You can be more than one kind of geek at the same time, I guess. First and foremost, I am a map geek. This started when I got my first atlas for my 6th birthday. Then came computers, with the arrival of the Commodore 64 I shared with my brothers. Shortly after that came trains. I still have a few thousand slides of stations, trains and railyards in my basement. Also, German and Dutch timetables dating back to 1985.


One of my later railway photos. Berlin Lehrter Stadtbahnhof, summer 1996. This was demolished not too long after to make room for Berlin HBf. Source: Flickr

Roads are a more recent object of geekery for me. Before I moved to the United States, I didn’t drive much. As I started driving (and mapping) more in my new home country, I also started to become more interested in the rich history of the vast road network in the United States. And I am not the only one! It doesn’t take much online searching to find sites like AARoads and CrossCountryRoads containing 1000s of freeway driving images and videos, as well as Facebook groups dedicated to the celebration of U.S. freeways present and past. (I especially enjoy Freeway Jim for its mix of history and current content. And for Utahns, this Flickr account is pretty cool too.)

I thought it might be interesting to start tapping into this road geek community to help us improve OSM. Even in a well mapped state like Utah cough, most freeway exits still don’t have any signpost information except for a ref. To give you an idea: of 1654 total motorway_link ways, only 193 have a destination tag. Even accepting that probably half of these ways are onramps, that’s still a big data gap! And one that sites like AAroads and CrossCountryRoads fill perfectly, with images like this one:


Source: CrossCountryRoads

(If you’re interested, here is the Overpass query for the motorway_link ways with destination.)

After some email exchanges between various US community members and the maintainers of AARoads and CrossCountryRoads, we now have permission to use the images and videos on these sites for mapping. Yay! (I created a wiki page for There is none for AAroads yet, as far as I know.)

I thought I’d try it out myself and share my experiences.

First I pick a region I want to improve. has a list of all the Interstates it has coverage for, sorted by state. No Utah, unfortunately :( Let’s pick I-68 Westbound in West Virginia. I see a neatly organized list of images, mostly covering exits. Excellent!


Source: CrossCountryRoads

Next, I load all motorway_link ways as well as all motorway_junction nodes for West Virginia into JOSM. (Perhaps overkill, but I am not an Overpass expert..).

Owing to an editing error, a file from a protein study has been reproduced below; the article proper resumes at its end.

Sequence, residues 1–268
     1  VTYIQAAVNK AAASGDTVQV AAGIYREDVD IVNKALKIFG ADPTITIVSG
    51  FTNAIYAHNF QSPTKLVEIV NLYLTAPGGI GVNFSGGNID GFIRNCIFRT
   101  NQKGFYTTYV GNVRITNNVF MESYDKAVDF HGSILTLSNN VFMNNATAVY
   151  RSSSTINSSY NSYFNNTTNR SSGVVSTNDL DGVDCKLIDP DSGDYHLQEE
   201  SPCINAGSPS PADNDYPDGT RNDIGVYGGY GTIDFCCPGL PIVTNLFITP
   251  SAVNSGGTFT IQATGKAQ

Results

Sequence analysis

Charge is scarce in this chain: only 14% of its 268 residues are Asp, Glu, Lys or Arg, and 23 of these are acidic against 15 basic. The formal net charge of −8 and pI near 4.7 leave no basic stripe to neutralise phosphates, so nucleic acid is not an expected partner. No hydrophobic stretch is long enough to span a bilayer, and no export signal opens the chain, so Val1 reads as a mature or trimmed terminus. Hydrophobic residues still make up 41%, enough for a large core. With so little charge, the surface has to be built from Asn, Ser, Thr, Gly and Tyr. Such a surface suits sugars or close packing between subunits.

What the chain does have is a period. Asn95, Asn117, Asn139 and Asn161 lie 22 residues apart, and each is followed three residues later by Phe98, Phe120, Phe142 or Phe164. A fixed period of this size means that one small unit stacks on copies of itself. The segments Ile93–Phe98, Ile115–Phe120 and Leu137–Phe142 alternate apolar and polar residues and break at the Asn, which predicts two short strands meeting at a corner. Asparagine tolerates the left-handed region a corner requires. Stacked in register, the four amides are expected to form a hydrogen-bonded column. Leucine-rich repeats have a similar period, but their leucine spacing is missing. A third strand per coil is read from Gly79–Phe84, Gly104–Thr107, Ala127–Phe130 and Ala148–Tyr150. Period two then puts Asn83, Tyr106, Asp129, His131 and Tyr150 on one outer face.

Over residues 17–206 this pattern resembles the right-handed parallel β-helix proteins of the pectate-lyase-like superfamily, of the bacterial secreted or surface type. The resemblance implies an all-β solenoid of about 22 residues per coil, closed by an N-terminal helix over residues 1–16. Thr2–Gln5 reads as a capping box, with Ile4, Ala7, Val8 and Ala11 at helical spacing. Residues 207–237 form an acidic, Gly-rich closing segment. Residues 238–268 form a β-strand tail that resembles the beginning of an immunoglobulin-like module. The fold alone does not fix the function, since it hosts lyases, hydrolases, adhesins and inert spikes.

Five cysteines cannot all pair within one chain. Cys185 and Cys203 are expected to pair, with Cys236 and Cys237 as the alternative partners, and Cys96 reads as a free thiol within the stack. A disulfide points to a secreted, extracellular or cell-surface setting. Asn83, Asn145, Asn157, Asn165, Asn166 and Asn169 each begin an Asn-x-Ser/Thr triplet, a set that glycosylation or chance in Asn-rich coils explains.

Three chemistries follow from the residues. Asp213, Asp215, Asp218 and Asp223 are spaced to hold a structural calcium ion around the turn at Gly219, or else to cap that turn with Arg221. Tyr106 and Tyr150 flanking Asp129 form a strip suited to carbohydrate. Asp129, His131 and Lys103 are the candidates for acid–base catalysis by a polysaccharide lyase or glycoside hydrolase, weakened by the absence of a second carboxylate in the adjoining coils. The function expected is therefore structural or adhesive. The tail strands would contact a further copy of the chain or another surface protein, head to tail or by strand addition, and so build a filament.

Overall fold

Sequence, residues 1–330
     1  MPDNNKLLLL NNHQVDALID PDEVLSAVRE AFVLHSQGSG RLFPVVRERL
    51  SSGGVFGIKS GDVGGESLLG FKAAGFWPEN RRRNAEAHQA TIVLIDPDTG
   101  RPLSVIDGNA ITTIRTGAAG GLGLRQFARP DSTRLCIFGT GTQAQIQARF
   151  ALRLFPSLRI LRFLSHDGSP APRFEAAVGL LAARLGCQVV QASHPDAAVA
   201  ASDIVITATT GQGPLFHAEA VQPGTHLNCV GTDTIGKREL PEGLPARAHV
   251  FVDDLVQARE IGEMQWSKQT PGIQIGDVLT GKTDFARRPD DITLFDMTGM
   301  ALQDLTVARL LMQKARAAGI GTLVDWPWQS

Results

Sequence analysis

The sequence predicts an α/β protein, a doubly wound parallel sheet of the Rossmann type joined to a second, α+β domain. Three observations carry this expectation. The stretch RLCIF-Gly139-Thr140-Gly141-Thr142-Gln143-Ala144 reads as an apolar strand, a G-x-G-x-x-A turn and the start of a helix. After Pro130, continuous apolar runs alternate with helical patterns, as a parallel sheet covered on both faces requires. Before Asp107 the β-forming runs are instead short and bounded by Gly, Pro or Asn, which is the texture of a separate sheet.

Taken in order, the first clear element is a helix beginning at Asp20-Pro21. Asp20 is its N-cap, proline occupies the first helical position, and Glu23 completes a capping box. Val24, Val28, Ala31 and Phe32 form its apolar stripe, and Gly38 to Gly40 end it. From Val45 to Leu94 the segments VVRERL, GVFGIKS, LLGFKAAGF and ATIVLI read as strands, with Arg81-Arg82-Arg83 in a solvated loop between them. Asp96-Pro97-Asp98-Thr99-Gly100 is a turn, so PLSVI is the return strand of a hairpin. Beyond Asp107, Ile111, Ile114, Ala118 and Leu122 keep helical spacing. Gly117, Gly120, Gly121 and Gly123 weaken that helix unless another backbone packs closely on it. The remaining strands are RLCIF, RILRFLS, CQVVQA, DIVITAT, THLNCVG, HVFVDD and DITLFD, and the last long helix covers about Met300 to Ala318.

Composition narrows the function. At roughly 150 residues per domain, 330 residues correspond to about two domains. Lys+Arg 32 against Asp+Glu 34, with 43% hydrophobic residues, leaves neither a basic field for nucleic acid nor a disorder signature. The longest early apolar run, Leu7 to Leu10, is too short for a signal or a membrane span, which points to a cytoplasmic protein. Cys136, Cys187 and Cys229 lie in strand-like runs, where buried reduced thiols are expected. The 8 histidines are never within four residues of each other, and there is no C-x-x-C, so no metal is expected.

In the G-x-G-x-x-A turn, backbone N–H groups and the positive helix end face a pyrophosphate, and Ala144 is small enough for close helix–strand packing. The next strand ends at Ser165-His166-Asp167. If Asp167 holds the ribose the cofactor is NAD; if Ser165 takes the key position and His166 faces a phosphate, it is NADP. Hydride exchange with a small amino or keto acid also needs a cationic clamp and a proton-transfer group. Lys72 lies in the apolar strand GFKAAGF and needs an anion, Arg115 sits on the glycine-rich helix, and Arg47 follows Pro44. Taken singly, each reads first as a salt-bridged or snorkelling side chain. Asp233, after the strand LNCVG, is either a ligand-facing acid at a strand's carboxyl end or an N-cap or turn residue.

The result looks a little bit like one of those flight tracking web sites :)


The first exit is to the WV Welcome center and a rest area.


Source: CrossCountryRoads

I zoom / pan to where I-68 enters West Virginia from Maryland and quickly find the exit, and add the destination:


I also check the motorway_junction node for any irregularities (such as deprecated exit_to tags and missing / wrong ref numbers):


I will delete this exit_to tag. Does anyone know if noref is a thing?

With the edits done, I upload the changeset. Be sure to attribute the source - in this case CrossCountryRoads:


Then I move on to the next exit and map some more!

To check your progress and the state of tagging on freeways in general I warmly recommend the Autopista tool by fellow mapper k1wi:


Comment from k1wi on 6 November 2015 at 14:38

That’s nice!

You can see your progress with my tool: CheckAutopista2:

Comment from mvexel on 6 November 2015 at 18:08

thanks for reminding us of Autopista, a great tool if you ask me.

Comment from mvexel on 6 November 2015 at 18:17

updated the post to include a reference!

Comment from Baloo Uriza on 6 November 2015 at 21:26

I’d throw junction:ref on the same way as the destination=* tag. I realize in theory it’s rare to need that level of disambiguation but in practice, there’s enough mutually split (such as the end of a long ramp where a “C,D,E” of a multi-ramp exit split), left, or some central lane (still can’t believe Oregon actually made lanes 1,2 and 4 the through lanes, and lane 3 an exit only lane where OR 8 splits from US 26 westbound; that one being the weirdest of the “not leftmost/rightmost-lane exit” situations I’ve seen).

Comment from nmixter on 7 November 2015 at 01:39

Too bad the initial photos can’t be geocoded. Then they could be imported directly into JOSM and viewed right on the map.

Comment from Jonathan ZHAO on 9 November 2015 at 20:53

wonderful works!

Comment from abbafei on 17 December 2015 at 04:04

Another wonderful resource for freely-licensed pictures of roads (especially for Pennsylvania and surrounding areas) is Doug Kerr’s Flickr. The photos are not actually geocoded, however, they still are very useful for those familiar with an area due to the meticulous categorizing.

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